A controversial travel ban between Scotland and Greater Manchester has been lifted by Nicola Sturgeon, despite coronavirus rates in both places being higher than when it was imposed.
The First Minister said restrictions were being ditched from Wednesday as there was no longer a "significant difference" in case rates between the areas and Scotland.
The ban on travel to Salford and Manchester, which came into force just nine days ago on June 21, sparked a furious row between Ms Sturgeon and Greater Manchester Mayor Andy Burnham.
Mr Burnham accused Ms Sturgeon of “hypocrisy” for imposing the “completely disproportionate” restrictions on movement without any consultation with him.
He raised the prospect of legal action and demanded compensation for residents who had booked holidays which they were then forced to cancel at the last minute, a request the SNP rejected.
However, Ms Sturgeon confirmed yesterday that restrictions would be lifted for Manchester, Salford and Bolton. They will remain in place for Blackburn with Darwen, which is outside of Mr Burnham’s constituency, although this will be reviewed next week.
The Queen meets Nicola Sturgeon at the Palace of Holyroodhouse on Tuesday
Credit: Jane Barlow/PA Wire/Jane Barlow/PA Wire
Responding to the announcement, Mr Burnham said he had "serious concerns about this travel ban and the way it was introduced” but is “grateful to the First Minister and to the Scottish Government for listening and for the decision” to lift the ban.
When it was extended to Salford and Manchester, the cities had cases rates of just over 300 cases per 100,000. Last night, both had more than 400 per 100,000 although cases in Scotland have grown at a far steeper rate. Dundee yesterday reported a rate of 713.9 cases per 100,000.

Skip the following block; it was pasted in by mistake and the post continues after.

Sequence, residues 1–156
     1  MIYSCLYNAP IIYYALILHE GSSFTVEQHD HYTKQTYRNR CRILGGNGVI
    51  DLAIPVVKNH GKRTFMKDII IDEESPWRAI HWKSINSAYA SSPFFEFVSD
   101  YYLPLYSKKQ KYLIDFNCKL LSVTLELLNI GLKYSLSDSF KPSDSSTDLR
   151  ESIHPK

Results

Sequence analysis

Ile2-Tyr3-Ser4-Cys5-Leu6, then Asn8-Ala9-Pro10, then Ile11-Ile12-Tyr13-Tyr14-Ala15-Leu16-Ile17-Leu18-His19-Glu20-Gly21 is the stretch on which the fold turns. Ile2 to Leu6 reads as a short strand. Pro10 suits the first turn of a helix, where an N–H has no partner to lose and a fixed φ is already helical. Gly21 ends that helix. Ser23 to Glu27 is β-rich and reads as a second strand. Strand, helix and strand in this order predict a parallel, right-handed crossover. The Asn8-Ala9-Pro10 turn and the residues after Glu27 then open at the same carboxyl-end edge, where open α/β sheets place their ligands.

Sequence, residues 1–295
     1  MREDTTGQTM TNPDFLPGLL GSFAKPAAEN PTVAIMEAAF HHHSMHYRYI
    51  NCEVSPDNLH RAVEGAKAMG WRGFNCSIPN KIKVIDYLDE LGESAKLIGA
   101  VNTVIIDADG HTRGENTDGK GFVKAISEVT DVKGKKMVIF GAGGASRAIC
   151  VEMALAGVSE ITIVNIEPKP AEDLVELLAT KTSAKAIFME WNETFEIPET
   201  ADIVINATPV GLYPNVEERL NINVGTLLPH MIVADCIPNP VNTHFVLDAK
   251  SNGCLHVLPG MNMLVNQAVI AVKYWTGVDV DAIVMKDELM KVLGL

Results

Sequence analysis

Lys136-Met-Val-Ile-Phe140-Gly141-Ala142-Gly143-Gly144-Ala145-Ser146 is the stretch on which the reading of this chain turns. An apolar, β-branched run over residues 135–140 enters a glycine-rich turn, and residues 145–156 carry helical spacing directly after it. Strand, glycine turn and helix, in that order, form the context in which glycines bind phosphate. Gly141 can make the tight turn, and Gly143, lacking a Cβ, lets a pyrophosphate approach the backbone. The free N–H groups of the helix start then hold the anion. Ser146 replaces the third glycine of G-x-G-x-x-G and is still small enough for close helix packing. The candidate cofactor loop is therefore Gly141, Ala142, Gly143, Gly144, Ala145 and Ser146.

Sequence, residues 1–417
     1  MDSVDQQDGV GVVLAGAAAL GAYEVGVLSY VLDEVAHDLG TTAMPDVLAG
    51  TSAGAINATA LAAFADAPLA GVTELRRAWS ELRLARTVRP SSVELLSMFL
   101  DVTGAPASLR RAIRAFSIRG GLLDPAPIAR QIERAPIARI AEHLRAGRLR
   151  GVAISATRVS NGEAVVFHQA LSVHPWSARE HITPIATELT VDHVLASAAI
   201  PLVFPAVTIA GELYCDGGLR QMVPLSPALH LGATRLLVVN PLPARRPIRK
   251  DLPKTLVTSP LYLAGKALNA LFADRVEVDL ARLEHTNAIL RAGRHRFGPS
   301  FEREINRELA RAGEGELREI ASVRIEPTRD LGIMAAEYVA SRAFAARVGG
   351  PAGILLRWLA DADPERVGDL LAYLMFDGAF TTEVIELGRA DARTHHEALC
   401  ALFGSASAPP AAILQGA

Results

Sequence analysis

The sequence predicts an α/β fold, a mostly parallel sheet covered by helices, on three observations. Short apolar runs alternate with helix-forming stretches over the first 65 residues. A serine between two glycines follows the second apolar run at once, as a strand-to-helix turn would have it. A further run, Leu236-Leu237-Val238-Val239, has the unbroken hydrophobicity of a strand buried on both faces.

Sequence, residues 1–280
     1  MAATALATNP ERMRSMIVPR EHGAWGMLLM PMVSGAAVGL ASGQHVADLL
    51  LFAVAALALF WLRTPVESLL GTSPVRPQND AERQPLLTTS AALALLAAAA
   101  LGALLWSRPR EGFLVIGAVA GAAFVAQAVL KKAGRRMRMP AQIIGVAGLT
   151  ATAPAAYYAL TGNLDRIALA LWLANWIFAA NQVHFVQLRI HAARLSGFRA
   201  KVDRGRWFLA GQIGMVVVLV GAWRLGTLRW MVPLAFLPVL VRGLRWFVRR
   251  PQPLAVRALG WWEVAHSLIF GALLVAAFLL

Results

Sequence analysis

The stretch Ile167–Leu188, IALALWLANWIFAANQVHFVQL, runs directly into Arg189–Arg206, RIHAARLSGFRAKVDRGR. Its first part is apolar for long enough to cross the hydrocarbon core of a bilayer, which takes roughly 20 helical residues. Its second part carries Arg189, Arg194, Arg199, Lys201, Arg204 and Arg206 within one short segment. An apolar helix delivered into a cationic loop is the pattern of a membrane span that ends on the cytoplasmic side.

The Scottish Tories have demanded that SNP ministers “re-think their decision to roundly reject calls to compensate businesses who have lost out” over the “confusing and unenforceable” ban.
“As usual, businesses were an afterthought for this SNP government who imposed these restrictions with little notice. The ban has been yet another hammer blow for many Scottish businesses, particularly in our tourism and hospitality sectors,” said transport spokesperson Graham Simpson.
He added: “Vital jobs and livelihoods remain at great risk as a result of SNP ministers’ decision to introduce this baffling travel ban to Manchester and elsewhere in the north-west, especially at a time when Covid rates in parts of Scotland were far higher.”
Confirming the end to the travel ban on Tuesday, SNP Health Secretary Humza Yousaf defended the restrictions as “only taken after extremely careful consideration and analysis of data to help prevent the spread of variants of concern”.